A Contrarian View of US Drinking Water Regulations

Andy Eaton, Eurofins Eaton Analytical, Inc., CA, USA (andyeaton@eurofinsus.com)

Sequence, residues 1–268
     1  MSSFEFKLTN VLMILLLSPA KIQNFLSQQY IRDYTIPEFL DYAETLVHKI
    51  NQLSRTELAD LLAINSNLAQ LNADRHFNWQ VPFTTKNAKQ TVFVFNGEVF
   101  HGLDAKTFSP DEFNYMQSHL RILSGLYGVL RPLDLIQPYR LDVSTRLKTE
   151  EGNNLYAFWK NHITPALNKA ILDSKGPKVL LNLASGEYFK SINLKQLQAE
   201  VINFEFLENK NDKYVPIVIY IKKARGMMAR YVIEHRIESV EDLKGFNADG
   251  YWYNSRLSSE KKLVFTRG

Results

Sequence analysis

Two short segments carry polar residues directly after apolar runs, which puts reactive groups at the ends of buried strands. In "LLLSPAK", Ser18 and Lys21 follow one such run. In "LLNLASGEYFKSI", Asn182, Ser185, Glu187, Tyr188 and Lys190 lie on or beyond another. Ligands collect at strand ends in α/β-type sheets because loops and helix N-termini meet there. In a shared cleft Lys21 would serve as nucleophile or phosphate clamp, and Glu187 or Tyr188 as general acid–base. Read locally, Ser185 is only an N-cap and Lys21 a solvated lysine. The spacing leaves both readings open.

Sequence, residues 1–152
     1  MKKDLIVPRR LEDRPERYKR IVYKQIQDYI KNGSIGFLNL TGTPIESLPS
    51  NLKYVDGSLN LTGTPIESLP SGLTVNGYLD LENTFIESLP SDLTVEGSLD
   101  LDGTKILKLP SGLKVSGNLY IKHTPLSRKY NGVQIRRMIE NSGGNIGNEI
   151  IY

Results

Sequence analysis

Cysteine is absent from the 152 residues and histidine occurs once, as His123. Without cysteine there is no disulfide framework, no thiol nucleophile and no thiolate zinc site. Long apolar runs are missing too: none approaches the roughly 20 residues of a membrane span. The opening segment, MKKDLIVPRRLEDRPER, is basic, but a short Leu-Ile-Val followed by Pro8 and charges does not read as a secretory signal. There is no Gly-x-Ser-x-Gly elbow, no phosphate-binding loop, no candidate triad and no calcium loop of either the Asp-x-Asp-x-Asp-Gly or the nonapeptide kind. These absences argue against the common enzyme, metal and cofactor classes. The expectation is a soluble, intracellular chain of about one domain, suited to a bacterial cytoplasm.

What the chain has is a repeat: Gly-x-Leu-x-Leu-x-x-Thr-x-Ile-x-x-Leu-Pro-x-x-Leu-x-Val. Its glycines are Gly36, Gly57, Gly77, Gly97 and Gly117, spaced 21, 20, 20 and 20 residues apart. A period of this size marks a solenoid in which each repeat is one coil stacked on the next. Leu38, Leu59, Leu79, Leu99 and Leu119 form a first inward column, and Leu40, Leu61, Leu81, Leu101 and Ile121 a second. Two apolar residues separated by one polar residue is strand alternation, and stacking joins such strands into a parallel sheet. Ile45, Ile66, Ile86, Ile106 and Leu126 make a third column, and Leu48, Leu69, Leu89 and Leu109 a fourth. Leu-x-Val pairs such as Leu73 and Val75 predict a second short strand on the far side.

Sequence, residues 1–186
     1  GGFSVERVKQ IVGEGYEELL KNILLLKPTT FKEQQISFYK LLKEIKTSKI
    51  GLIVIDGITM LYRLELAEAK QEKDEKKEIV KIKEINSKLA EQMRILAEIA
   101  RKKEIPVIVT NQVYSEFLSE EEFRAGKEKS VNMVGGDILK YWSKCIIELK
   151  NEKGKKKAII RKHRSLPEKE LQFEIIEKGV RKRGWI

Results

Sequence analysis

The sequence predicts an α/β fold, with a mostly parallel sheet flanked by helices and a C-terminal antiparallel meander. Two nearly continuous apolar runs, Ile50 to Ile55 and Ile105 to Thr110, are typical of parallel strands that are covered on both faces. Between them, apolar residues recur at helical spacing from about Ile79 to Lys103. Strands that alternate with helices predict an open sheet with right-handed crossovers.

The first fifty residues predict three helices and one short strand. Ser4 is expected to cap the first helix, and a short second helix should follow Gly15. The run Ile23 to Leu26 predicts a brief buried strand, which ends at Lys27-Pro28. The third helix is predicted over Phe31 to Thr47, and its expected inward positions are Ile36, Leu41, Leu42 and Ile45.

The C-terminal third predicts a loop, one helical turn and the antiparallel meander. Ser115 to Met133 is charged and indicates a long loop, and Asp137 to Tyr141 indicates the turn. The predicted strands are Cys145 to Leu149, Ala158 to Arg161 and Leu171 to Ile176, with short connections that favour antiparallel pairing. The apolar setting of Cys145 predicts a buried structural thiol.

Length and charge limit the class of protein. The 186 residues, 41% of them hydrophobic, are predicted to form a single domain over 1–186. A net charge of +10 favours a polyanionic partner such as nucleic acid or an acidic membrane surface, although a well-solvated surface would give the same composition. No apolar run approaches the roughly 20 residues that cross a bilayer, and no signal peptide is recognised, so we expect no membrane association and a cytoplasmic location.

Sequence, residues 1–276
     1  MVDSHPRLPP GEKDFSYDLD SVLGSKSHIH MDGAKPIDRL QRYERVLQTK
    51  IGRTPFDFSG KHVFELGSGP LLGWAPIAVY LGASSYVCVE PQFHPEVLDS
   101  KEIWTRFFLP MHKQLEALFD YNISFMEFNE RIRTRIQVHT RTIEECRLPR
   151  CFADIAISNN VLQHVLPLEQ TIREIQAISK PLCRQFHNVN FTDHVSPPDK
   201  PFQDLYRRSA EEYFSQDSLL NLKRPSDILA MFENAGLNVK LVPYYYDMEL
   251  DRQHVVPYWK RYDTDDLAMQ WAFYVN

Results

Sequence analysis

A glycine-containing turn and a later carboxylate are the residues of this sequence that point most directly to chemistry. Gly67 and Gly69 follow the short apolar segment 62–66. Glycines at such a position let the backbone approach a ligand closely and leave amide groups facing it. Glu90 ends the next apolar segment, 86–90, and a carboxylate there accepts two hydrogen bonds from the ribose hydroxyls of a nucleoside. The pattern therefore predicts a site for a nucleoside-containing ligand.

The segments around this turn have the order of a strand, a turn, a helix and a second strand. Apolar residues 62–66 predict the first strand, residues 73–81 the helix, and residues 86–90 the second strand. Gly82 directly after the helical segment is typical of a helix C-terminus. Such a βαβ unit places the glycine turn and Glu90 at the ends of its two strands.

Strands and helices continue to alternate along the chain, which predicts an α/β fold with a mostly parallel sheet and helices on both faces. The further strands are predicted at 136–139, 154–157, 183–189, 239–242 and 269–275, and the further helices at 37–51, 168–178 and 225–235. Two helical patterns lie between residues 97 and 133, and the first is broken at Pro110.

Analytical monitoring under the United States Safe Drinking Water Act (SDWA) is constrained in a number of ways.    The list of regulated analytes is enshrined directly in the regulations, as are the methods, the required reporting limits and monitoring frequencies.  More importantly for analytical chemists, the method requirements are very specific and have in general limited (or no) room for flexibility to take advantage of improvements in instrumentation and analytical procedures.  While this has been a complaint of analytical labs in the US for years, and USEPA has to a limited extent attempted to respond by developing or improving new methods for existing regulated analytes, it is still a cumbersome process.   Additionally, even when a substance is not regulated in drinking water in the US, if there is an EPA method, it becomes the defacto “gold standard” for methods, even though most EPA methods are developed and published as much as 5 years prior to any use.    Focusing on EPA’s Unregulated Contaminant Monitoring Rule process, this presentation will discuss the current approach and use examples of perfluorinated compounds (PFAS) and algal toxins as some examples where the constraints of the SDWA have either resulted in unnecessary use of resources or resulted in data of limited usefulness for proactive decision making and present some alternative suggestions and discuss ways where USEPA is responding to improvements in technology.

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